ISSN (Print) - 0012-9976 | ISSN (Online) - 2349-8846

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Union Budget 2021–22

The Macroeconomic Framework

High deficit has no fiscal costs if it can be substantiated with increased public investment or “output gap” reduction. When the monetary policy stance has limitations in triggering growth through liquidity infusion and the status quo policy rates, “fiscal dominance” is crucial for sustained growth recovery.


Thanks are due to Divy Rangan for research assistance.

Extraordinary times require extra­ordinary policy responses. Aga­inst the backdrop of macroeconomic uncertainty due to the CoVID-19 pandemic, the union finance minister has announced a high fiscal deficit of 9.5% of gross domestic product (GDP) in revised estimates (RE) 2020–21. This is against the pegged deficit of 3.5% in budget estimates (BE) 2020–21. Simultaneously, the finance minister has also announced an excessive deficit procedure to bring down the high fiscal deficit to 4.5% of the GDP by financial year (FY) 2026. High fiscal deficit is widely perceived as detrimental to the economy. The perceived economic reasoning is that deficit may crowd out private capital formation and widen the “output gap.” The output gap is the difference between actual GDP and potential GDP (Chakraborty and Kaur 2020; Chakra­borty 2016).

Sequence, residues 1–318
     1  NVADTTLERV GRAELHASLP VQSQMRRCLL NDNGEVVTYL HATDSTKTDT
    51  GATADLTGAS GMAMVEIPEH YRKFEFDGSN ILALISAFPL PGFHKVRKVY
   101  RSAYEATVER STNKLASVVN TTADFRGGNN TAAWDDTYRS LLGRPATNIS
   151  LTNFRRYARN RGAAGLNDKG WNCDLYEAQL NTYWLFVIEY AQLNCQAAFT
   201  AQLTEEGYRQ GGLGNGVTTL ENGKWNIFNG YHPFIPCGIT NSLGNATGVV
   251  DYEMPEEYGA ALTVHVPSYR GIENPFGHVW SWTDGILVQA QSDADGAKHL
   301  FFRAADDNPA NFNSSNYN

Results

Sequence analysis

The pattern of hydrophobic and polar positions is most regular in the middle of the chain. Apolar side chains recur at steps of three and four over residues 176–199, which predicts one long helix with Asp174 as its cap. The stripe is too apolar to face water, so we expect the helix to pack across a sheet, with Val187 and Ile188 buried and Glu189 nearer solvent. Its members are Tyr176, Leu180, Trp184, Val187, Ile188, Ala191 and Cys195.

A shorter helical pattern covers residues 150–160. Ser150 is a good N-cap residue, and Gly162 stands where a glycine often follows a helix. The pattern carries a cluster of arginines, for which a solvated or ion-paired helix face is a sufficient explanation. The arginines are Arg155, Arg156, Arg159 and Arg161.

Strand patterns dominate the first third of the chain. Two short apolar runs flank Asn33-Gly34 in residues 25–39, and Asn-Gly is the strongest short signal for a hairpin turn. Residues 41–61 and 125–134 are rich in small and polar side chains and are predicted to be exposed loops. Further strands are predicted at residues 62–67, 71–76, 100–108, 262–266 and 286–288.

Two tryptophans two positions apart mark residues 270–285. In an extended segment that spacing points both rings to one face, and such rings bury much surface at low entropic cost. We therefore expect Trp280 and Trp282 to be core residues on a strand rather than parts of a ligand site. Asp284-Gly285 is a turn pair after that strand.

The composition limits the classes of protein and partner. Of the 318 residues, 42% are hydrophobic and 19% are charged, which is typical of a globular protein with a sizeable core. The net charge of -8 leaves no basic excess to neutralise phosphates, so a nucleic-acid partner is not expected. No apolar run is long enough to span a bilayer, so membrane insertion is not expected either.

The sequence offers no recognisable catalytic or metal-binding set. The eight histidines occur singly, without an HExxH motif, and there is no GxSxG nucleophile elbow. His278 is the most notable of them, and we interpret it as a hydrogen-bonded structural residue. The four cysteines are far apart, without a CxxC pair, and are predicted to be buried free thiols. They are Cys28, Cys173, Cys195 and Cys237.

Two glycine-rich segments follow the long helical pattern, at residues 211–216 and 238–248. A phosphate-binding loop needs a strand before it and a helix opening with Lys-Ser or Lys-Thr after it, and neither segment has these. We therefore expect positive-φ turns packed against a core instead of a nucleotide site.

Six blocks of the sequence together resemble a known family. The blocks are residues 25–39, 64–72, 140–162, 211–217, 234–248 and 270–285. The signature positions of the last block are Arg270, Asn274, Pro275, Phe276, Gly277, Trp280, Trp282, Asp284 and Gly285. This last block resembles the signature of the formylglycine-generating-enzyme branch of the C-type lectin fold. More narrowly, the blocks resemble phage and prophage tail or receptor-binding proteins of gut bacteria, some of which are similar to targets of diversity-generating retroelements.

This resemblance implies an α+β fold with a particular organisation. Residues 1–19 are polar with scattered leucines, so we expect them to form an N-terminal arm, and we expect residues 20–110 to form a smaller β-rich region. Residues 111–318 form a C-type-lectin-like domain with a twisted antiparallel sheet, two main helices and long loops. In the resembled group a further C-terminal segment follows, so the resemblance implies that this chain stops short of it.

Reconsidering Fiscal Rules

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Updated On : 4th Mar, 2021
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